I don't know much about her origins except she came from Tasmania where her family had extensive land and she had an Italian family name. A house in the developing suburb of South Oakleigh where my grandfather lived was not to her taste so my grandfather rented a house just off Prospect Hill Road complete with croquet lawn for many years. Lorne Grove comes to mind.
She was an accomplished musician and taught music at a uni, and although I don't know which one, it was probably Melbourne Uni. Many of her students found her good company and she was invited to very 'bohemian' parties. The lifesyle must have appealed as she subsequently ran away with a seventeen year old student, leaving her husband and four sons, the eldest being my father, to fend for themselves. She married the student and they lived together in Balmain overlooking the docks until she died at a reasonably old age.
As each of her sons turned 21, she wrote to them, half explaining her life, half asking for forgiveness and understanding and leaving any future contact up to them. They all did, to a greater or lesser degree and my father, through my mother, as the oldest probably had the most to do with her. One Uncle used to refer to her as the Donelly St (Balmain) woman.They did visit us at our farm in Gippsland a couple of times. Not sure how they got baby Fiat over the mountains, but they managed. It was good to meet her at least. After being impressed by the tv show Love in Cold Climate, and later the book, we kids have for a long time referred to her as 'the bolter'.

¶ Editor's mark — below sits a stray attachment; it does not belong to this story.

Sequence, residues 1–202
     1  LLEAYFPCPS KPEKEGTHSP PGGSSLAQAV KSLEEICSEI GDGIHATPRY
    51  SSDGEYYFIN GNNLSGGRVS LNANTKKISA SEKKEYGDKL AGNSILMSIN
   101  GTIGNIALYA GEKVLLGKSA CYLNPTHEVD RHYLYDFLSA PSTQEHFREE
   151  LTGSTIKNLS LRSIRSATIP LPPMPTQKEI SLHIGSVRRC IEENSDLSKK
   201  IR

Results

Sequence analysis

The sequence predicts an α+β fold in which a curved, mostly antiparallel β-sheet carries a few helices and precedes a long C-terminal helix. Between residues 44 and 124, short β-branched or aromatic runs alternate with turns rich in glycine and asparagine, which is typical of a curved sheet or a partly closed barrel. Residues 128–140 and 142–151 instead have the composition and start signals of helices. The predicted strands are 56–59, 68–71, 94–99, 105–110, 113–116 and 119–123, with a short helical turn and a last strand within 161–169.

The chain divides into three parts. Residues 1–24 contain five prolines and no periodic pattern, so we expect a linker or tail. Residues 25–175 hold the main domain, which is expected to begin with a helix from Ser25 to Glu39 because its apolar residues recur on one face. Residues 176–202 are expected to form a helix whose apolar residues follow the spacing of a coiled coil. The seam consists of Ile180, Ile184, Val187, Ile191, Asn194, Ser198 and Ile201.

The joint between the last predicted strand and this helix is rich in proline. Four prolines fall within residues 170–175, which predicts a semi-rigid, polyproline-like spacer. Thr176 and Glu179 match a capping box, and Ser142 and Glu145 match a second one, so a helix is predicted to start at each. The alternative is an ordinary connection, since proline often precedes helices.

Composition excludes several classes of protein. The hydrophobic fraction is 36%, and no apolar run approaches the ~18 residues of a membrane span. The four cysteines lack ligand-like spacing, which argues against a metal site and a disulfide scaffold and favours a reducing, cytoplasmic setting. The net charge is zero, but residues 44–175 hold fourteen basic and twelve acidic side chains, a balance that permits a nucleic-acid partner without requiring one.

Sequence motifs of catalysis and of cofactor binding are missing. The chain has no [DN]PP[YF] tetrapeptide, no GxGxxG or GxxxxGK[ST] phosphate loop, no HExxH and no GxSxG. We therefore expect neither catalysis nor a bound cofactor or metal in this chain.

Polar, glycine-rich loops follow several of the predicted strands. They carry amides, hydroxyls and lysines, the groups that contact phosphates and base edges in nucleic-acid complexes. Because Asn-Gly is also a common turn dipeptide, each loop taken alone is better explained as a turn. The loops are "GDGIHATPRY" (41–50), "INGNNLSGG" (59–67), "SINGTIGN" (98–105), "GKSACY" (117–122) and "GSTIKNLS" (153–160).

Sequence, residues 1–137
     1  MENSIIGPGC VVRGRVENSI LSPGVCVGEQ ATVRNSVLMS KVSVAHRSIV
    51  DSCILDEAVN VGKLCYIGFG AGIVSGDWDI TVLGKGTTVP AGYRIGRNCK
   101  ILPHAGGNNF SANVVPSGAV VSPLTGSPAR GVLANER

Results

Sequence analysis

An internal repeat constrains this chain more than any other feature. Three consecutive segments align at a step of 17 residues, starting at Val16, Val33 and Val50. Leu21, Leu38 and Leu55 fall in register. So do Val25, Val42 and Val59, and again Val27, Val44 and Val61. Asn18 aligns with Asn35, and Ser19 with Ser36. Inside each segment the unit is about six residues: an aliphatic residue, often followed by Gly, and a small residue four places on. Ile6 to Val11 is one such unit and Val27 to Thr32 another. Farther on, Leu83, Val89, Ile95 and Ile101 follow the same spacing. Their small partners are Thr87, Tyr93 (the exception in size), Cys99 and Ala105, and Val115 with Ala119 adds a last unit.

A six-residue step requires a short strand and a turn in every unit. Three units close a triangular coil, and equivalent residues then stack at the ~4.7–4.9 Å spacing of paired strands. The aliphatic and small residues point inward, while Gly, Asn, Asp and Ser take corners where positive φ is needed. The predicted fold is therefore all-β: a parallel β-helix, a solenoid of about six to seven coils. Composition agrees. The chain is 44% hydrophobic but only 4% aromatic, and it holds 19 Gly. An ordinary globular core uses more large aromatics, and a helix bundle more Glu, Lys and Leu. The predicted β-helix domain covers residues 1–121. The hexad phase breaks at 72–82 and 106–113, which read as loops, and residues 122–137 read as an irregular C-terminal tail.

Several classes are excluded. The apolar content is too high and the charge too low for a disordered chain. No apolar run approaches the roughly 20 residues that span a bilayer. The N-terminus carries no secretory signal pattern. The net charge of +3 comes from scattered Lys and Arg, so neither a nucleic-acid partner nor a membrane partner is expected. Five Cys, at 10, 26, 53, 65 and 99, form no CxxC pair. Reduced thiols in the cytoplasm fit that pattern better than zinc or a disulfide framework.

My grandfather subsequently shied away from educated women, and married, a woman who used to always have the smell of beer on her breath and a Craven A in the corner of her mouth. They too visited us at our farm and it was always interesting for us kids to get up in the morning to see if nanna had made it to bed or passed out on the kitchen floor. No matter, she and my grandfather got on very well for the rest of their lives. Can't say the same for her and my mother who used to fight terribly. She thought my mother was uppity because she came from a church going wowser family who lots of land in the Clayton/Oakleigh/Bentleigh/Springvale area. My mother detested the way she smoked and drank so brazenly. My mother both drank and smoked too, but not openly.
The connection to my cleaning up the book shelves? Well, I came across, as mentioned a post or so ago, Wind in the Willows and Sydney nanna had always sent us kids a book for our birthdays. One was Wind in Willows, another, The Magic Pudding, another Piccaniny Walkabout, another Our Sunburnt Country. With the exception of Wind in the Willows, I think they were always books by significant Australian authors. I now appreciate what she was trying to do and if that was an appreciation for Australian literature, then it probably worked.